Science Theme: Tectonic Processes 
Science theme lead: Chris Okubo  
View images in this theme  
Tectonic Processes
Tectonism is the movement of rocks under the great forces within a planet’s interior. On Earth, the forces of plate tectonics drive plates together to form mountain ranges like the Himalayas or the Rockies and tear other plates apart, allowing ocean basins to open. While there are some suggestions that Mars might have had some plate tectonics in its earliest history, what we see today is driven mostly by gravity. The weight of the giant volcanoes presses down on the crust, bending and breaking it. Smaller ridges rise where stacks of lava and/or sediment press down and crumple the upper crust. Rising water and/or magma can split open the ground and form long fissures. And the ground rebounds and slumps in response to meteorite impacts.

Major Questions
The primary focus in tectonics is to understand the forces that are bending and breaking the rocks. The first step in gaining this understanding is to measure exactly how and when the rock were deformed. One idea is that the global scale tectonism on Mars can be related to the weight of Olympus Mons and the other volcanoes in the Tharsis area. This idea makes very specific predictions for how the deformation will be oriented (cracks will generally be “radial” (point to) Tharsis and ridges will be “concentric” to (encircle) Tharsis). Another basic question is whether the many fissures that are seen on the surface of Mars are formed by magma pushing up form underneath or if they formed first, producing an area of weakness that rising magma could exploit. Finally, the way the rocks bend or break tells us a lot about what they are made of. Most sedimentary rocks that have been laid down in water will bend easier than hard lava, which tends to break more readily.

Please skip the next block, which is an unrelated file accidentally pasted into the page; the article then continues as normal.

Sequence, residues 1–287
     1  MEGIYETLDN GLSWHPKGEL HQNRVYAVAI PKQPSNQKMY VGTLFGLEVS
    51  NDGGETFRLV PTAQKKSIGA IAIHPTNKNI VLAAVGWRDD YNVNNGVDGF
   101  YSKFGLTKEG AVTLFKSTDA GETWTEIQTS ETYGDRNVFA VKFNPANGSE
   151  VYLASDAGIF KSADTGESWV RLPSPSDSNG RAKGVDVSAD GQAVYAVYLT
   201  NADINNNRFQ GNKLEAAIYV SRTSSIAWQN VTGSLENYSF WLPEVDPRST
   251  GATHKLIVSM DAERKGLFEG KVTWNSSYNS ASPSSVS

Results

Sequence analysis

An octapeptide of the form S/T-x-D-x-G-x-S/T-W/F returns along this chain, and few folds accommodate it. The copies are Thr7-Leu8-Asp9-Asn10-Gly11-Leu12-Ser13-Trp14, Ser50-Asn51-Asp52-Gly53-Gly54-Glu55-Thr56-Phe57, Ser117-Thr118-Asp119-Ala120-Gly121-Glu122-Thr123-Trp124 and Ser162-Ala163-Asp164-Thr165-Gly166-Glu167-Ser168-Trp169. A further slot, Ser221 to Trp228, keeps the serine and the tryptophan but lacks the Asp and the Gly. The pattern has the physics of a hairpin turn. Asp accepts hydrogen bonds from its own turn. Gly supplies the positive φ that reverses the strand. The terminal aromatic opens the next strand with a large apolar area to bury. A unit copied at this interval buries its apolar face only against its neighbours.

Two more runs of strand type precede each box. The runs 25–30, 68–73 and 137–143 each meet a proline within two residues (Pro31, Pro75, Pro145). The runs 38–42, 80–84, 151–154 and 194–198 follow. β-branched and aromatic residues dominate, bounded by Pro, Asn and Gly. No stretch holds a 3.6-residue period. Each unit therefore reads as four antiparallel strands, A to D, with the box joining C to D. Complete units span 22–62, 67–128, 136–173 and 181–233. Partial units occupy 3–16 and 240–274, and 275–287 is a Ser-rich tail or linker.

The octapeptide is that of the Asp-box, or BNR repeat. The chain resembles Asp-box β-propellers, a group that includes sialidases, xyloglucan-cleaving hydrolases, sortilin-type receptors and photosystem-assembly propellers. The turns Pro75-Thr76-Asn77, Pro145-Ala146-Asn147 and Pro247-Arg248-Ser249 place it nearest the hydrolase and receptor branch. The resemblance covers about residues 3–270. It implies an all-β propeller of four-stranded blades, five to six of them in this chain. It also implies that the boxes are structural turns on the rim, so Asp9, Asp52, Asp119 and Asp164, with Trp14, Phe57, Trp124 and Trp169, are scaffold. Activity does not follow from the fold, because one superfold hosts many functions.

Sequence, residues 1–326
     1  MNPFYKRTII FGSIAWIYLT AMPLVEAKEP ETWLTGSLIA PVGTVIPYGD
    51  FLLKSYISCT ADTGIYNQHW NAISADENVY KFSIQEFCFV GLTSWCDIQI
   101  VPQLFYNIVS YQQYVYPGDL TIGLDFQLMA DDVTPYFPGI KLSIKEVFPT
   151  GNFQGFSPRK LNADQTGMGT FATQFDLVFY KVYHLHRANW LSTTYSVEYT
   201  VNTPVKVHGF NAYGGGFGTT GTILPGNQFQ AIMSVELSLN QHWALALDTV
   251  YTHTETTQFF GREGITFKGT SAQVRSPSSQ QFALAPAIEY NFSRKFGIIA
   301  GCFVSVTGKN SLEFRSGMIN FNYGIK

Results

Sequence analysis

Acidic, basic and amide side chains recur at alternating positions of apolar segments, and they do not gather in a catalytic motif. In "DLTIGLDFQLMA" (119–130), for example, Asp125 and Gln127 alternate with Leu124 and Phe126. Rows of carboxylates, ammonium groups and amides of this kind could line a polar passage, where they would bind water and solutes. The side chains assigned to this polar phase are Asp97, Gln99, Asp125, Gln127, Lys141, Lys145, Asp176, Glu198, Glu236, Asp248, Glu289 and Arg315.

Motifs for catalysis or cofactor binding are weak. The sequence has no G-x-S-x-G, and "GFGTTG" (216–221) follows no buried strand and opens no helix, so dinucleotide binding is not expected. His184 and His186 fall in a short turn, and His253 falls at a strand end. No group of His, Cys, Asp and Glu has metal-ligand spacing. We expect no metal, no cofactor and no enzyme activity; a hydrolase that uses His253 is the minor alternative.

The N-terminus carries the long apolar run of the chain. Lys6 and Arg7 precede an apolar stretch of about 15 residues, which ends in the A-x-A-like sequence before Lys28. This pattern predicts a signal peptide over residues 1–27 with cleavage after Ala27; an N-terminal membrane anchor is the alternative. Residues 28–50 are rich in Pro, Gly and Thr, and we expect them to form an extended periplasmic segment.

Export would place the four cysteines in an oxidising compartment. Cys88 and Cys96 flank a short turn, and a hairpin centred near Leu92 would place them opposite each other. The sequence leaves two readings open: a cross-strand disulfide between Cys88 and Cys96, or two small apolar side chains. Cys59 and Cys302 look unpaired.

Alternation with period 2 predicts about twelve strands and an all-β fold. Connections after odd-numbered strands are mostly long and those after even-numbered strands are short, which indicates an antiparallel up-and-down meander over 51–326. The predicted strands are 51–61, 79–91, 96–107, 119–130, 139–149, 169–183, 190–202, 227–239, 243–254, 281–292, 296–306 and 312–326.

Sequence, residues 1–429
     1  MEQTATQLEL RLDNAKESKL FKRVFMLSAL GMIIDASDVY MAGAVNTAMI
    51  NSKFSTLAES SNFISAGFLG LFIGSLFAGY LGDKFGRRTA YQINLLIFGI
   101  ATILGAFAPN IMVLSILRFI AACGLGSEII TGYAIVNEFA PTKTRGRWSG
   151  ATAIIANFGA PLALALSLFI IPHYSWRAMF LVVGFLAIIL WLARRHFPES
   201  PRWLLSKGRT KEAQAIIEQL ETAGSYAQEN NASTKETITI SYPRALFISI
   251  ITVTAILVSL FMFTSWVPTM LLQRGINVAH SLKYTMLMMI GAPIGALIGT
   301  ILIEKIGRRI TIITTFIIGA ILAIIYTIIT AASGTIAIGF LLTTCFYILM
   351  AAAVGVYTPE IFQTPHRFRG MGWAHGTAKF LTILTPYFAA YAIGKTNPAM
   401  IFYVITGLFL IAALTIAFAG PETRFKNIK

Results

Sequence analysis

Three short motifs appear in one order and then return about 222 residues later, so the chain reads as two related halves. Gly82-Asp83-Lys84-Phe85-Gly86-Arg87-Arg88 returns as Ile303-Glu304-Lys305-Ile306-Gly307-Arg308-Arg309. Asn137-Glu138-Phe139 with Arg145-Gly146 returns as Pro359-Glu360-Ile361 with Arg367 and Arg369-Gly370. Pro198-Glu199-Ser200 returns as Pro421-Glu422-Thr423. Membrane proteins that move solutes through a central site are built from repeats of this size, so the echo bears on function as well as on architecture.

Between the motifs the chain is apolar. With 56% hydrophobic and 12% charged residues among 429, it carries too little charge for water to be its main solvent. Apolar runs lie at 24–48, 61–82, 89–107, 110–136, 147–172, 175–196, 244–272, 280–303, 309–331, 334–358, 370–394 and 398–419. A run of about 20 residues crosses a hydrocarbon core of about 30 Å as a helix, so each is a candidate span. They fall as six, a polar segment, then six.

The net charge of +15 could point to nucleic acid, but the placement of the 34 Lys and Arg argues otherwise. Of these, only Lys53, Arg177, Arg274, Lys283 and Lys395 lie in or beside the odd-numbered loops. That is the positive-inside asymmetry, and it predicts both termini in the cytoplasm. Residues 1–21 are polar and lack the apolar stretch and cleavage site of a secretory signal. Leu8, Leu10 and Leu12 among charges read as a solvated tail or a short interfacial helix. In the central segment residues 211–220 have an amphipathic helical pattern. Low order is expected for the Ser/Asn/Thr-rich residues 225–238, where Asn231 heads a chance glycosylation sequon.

Features of interest to HiRISE
With its ability to see small details, HiRISE is not the right tool to examine global or regional scale features. Other existing Mars data sets, in particular the topographic maps from the Mars Orbiter Laser Altimeter (MOLA) are ideal for seeing the “big picture.” What HiRISE brings to Mars tectonics is the ability to measure the deformation of rocks in unprecedented precision. Not only can the amount of bending or sliding be measured, but smaller layers can be matched across zones of deformation. Also, the more detailed view will allow us to more clearly see how different cracks and ridges cross-cut each other letting us better decipher the order in which different forces acted.